Monday, April 3, 2017

No Faith in the Future: We All Want the Same Things by Craig Finn

The artwork for Craig Finn's new album We All Want the Same Things depicts a sodden motorway beneath a dismal grey sky. Red brake lights glow weakly in the rain, and the cars ahead slow to a crawl as they approach some unseen obstruction. Has there been an accident? A collision, a collapsed bridge? Or is it just ordinary congestion...?

Uncertainty about the future is kind of a central theme for this LP. Finn reminds us that nobody can really know what lies ahead; all we can do is try our best to be ready for it. The penultimate line of the album's final track, Be Honest, is as follows:

"If revolution's really coming then we all need to be well"

We All Want the Same Things is an album for interesting times, and its release was very well timed indeed because there are a lot of interesting things happening on both sides of the Atlantic right now. Theresa May triggered Article 50 last week, which means that the Brexit process is now officially underway, while over in America Donald Trump and his team are still battling allegations of Russian involvement in last year's presidential election. Right now it feels nearly impossible to predict where we'll all stand next week - let alone in a couple of years' time - and for that reason, We All Want the Same Things feels like the perfect set of songs for this moment in history. Unimaginably huge changes could be just around the corner for all of us, and so the important thing to do right now is to look after yourself and embrace the here and now.

As any fan of Craig Finn or his band The Hold Steady would expect, these new songs are filled with colourful and troubled characters, all of whom are forced to live in the present because they can't rely on the future. Tangletown, a dreamy pop song that's punctuated with immensely satisfying horn stabs, focuses on a middle-aged divorcee and his younger lover, both of whom seem kind of lost and appear to have no goals except to surround themselves with "finer things". Then there's God in Chicago, the centrepiece of We All Want the Same Things and the song from which the album's title is drawn: sounding like something from Bill Wells & Aidan Moffat's Everything's Getting Older, this piano-led spoken word track tells the story of a man and a woman who travel to Chicago to handle some "unfinished business" and realise, once the deal has been closed, that they've nothing else on their to-do list. They've taken care of the one thing that needed taking care what now?

They decide to take a look around the city, and we follow them as they eat, drink, and lose themselves in the "glass and light". Perhaps inevitably, they end up falling into each other's arms and spending the night together in a hotel room. Finn's narration ends with the woman bursting into tears on the drive back to Saint Paul.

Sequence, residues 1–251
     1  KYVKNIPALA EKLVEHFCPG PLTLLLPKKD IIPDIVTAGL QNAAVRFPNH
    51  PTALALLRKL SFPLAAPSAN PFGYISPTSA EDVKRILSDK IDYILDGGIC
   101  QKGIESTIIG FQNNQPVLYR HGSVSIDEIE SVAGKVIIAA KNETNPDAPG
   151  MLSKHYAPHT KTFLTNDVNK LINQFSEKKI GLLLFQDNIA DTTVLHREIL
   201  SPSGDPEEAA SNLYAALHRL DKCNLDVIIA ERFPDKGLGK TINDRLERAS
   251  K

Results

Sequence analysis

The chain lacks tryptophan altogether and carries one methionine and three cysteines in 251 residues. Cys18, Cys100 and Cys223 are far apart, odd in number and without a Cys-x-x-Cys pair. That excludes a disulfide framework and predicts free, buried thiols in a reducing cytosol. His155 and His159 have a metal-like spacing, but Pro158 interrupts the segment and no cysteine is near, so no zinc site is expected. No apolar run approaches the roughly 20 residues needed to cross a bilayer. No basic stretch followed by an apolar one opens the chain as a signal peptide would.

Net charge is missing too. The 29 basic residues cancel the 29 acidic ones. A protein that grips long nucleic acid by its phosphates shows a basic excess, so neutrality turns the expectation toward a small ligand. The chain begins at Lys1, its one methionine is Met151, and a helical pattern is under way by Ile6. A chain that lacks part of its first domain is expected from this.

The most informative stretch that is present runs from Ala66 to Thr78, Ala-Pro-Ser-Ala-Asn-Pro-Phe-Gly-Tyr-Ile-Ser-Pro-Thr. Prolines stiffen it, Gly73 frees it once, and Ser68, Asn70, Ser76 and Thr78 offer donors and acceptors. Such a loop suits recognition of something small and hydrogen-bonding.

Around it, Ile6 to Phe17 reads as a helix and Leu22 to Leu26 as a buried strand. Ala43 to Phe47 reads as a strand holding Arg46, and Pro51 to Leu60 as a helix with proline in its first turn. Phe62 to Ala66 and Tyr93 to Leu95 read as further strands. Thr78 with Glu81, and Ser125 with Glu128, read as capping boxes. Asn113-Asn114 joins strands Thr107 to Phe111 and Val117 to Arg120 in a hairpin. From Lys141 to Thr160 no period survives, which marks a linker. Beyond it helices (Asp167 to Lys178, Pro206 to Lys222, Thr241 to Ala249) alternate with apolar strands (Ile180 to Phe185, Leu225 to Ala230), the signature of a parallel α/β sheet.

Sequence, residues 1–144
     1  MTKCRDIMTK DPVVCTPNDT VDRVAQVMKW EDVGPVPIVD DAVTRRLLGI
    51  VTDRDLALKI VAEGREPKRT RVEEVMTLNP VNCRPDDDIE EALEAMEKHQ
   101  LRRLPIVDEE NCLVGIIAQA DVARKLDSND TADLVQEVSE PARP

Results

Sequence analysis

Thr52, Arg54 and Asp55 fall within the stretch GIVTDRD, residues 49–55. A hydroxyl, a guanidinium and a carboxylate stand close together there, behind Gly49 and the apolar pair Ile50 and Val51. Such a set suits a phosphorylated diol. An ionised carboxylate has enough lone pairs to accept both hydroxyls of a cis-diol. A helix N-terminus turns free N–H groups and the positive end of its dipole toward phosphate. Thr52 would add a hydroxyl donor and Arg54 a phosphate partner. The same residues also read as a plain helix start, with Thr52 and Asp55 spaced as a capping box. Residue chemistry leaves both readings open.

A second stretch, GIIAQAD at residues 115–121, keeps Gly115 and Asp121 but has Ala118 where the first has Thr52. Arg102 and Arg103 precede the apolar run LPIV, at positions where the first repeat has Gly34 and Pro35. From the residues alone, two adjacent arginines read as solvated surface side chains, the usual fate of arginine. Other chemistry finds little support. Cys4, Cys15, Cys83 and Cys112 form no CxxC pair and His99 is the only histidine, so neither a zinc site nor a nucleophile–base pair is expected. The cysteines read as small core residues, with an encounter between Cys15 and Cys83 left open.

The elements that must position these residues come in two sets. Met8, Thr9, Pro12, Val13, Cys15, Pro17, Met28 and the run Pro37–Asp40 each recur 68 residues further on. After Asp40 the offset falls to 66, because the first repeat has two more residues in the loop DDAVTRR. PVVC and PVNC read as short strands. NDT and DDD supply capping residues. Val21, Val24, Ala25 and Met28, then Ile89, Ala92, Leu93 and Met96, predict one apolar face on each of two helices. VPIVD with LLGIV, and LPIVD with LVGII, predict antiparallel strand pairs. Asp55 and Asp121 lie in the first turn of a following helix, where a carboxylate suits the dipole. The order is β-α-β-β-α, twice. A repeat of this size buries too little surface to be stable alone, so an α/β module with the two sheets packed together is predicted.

While it does have its share of rootin' tootin' rock numbers (Tracking Shots springs to mind), as a whole We All Want the Same Things has a far more muted, melancholy feel than any prior Craig Finn or Hold Steady album. There's loads of piano on this LP, and a generous helping of woodwind too - the clarinets on Be Honest and It Hits When It Hits in particular give the album's second half a heavy, overcast mood that's neatly reflected in the gloomy cover art. But this isn't supposed to be a depressing, downbeat listen - quite the contrary, in fact. The real message here isn't just 'the future is uncertain'; it's 'the future is uncertain, so enjoy yourself in the present!'

Friendship is another hugely important theme on this record, with several tracks joyously celebrating the bonds that people share. Opening track Jester & June reminisces with a smile about a tight friendship between two partners in crime; the stompy-booted Ninety Bucks rotates around a cry of "Nathan, you're my only friend!" But my favourite song on We All Want the Same Things, and in my opinion the purest crystallisation of everything this album is about, is the stunning Birds Trapped in the Airport.

Characterised by its driving, almost motorik beat and the crazy accordion notes that flitter around it, Birds Trapped in the Airport is a thrilling and powerfully uplifting track about making the most of the time you have left and the wonderful people who are still with you. "James, I'd like you to dance with me - we'll be skeletons and ghosts next year." A bit like P.S. You Rock My World by the Eels, this is a song that acknowledges the inevitability of death but understands that we should celebrate life all the more jubilantly for the fact that it eventually ends. Sure, we're stuck in traffic; sure, it's raining; sure, we might encounter any number of horrors on the road ahead. But none of that means we can't enjoy the journey.

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